Fear, Learning and Startups

I must not fear.
Fear is the mind-killer.
Fear is the little-death that brings total obliteration.
I will face my fear.
I will permit it to pass over me and through me.
And when it has gone past, I will turn the inner eye to see its path.
Where the fear has gone there will be nothing. Only I will remain.
– Frank Herbert

Frank Herbert’s words have gotten me through many hard times, both professional and personal. This is not an admonishment of vulnerability or an endorsement for bravado; instead, it’s been an invitation to look inwards and understand my own reaction to things.

As an engineer I worry my code might break. Worse yet, I worry my code will be hated by whoever has to work on it next. As a leader, I worry I might hire the wrong person, or that I’ll scare away the right talent somehow. Additionally, now I’m worried you, the reader, will hate my writing.

It’s easy to see where this behaviour comes from; for more than 12 years (depending on your tolerance for education) we have had it driven into us that mistakes are bad. Remember that teacher that gave you all “A”s because of the risks you took? Yeah, neither do I.

At Prox we connect experts to knowledge seekers. There is already an inherent fear in connecting with a stranger. The added dynamic of trying to learn from that expert is a whole other dimension that comes with its own set of fears. Will I ask the right question? Will I sound dumb? Will I get my money’s worth?”Errors are the basis for neuroplasticity and learning”

“Errors are the basis for neuroplasticity and learning”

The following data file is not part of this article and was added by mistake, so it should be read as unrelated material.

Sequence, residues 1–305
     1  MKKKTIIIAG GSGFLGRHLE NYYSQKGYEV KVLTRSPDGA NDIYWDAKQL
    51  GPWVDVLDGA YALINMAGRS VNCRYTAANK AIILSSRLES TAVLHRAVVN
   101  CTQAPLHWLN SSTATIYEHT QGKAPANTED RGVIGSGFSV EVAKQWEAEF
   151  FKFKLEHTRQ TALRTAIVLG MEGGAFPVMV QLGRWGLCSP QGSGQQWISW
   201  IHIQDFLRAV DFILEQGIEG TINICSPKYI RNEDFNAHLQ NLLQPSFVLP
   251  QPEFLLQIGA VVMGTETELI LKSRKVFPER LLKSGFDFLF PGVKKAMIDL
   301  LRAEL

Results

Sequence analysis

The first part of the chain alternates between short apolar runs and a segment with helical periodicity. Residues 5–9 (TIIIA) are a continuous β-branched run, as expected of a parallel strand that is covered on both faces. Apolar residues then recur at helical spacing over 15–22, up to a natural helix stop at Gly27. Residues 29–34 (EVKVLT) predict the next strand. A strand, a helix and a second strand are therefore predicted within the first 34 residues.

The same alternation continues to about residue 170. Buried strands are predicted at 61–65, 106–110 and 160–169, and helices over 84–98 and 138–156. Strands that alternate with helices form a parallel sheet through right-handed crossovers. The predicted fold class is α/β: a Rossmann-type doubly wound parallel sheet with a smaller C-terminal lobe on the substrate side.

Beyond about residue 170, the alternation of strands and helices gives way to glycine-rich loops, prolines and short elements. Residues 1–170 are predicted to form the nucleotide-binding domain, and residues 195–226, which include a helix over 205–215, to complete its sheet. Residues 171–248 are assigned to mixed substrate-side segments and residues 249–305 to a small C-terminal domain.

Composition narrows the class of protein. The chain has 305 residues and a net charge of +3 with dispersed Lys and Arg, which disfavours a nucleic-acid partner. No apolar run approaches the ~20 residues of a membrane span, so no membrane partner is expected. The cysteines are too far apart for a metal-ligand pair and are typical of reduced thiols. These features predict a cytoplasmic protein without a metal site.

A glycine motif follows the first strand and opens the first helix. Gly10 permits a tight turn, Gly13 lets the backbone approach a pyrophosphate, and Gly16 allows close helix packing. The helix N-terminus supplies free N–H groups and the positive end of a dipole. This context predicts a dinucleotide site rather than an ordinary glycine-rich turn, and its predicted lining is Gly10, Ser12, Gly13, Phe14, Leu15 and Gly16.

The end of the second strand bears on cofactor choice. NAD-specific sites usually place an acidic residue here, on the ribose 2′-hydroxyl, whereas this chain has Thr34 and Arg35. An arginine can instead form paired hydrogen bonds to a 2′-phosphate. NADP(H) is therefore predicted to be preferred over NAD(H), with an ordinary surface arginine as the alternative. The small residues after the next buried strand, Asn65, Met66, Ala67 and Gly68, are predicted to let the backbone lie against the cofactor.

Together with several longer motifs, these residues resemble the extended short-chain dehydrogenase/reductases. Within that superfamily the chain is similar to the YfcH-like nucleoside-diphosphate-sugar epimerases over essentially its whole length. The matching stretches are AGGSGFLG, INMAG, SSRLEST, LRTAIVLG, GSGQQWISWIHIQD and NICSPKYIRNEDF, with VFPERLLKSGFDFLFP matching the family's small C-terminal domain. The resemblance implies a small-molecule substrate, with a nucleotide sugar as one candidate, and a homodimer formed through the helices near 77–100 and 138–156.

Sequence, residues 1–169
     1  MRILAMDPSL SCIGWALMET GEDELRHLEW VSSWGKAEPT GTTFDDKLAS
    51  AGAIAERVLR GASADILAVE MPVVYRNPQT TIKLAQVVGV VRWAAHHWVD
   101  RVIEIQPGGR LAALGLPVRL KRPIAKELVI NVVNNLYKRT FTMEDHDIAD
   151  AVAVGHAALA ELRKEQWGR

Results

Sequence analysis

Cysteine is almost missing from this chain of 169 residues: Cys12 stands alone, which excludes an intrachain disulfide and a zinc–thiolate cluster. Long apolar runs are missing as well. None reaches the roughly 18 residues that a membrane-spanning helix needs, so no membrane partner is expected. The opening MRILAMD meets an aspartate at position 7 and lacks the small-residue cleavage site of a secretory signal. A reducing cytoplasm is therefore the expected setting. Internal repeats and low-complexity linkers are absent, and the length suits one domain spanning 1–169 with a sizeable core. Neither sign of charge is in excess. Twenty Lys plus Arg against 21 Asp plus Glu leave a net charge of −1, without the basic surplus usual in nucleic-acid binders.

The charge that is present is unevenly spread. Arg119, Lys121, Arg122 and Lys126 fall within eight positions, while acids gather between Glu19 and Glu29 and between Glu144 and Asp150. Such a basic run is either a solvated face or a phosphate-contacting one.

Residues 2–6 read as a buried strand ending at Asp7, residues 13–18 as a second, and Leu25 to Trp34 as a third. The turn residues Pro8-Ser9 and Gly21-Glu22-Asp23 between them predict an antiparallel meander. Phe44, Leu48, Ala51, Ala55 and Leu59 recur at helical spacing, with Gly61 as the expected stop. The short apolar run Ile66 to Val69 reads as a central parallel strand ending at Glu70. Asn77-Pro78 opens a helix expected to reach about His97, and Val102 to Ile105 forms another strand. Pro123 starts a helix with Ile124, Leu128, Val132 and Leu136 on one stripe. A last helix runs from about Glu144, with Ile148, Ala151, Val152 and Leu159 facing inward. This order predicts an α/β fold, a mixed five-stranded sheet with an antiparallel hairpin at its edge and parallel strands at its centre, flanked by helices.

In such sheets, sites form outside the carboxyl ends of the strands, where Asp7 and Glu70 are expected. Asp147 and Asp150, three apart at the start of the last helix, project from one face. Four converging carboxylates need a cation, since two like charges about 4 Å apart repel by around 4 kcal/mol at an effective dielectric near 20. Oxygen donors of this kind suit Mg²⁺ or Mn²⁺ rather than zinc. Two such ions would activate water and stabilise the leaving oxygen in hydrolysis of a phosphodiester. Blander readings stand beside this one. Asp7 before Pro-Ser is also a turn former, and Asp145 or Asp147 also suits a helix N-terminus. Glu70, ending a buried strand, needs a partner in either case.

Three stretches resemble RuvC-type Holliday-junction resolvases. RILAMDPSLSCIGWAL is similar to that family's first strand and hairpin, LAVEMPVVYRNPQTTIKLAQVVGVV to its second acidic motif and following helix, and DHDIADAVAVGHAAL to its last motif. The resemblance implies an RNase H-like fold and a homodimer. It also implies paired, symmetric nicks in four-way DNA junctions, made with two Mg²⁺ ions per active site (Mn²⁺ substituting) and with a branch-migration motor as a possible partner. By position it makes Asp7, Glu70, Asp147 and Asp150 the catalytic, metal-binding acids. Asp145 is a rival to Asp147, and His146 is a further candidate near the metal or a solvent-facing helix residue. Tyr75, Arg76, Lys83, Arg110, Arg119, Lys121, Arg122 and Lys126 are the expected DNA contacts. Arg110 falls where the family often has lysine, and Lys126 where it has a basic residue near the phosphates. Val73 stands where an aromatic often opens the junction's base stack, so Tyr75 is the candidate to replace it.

– Andrew Huberman

We learn best when making a lot of errors. This also requires that we be focussed on what we’re learning. The learning actually happens while we’re asleep, but the focus during the period of error generation is key. If we’re perpetually worried about the failures, or their consequences then we lose that focus.

So we need to experience this state of failure, which we have been conditioned to abhor; all the while enduring a storm of epinephrine and acetylcholine (your brain on frustration). We push through this frustration and achieve plasticity because we’ve learned that there’s dopamine (your brain on “yeah we did it!”) as a reward for push through.

Except we’ve been training ourselves that rewards (ie. dopamine) don’t come from pushing through frustration, they come from Facebook, Twitter, Youtube, and video games. We get more and more impatient with our errors, and more likely to take a social media break than to push through.

“Preservation of the soul means giving up our wish … for immunity from the unscheduled meeting with sorrow and hardship”
– David Whyte 

In “The Heart Aroused”, David Whyte recognizes that we tend to bring only our organizing, make-no-mistakes, self to work. He illustrates that it is actually our Soul, our darker, more creative self that is required to do great work. This wish for “immunity from … sorrow and hardship” is the fear that stops us from deeping our working relationships and stops us from sitting with the frustration and anxiety we need to push through to do what we originally set out.

Whether you are looking for a Prox expert or are offering expertise, embrace any fears you have, and bring all of yourself to the table.

Understand that our fear serves a purpose, and that purpose is to pass by, leaving you ready to learn and grow.

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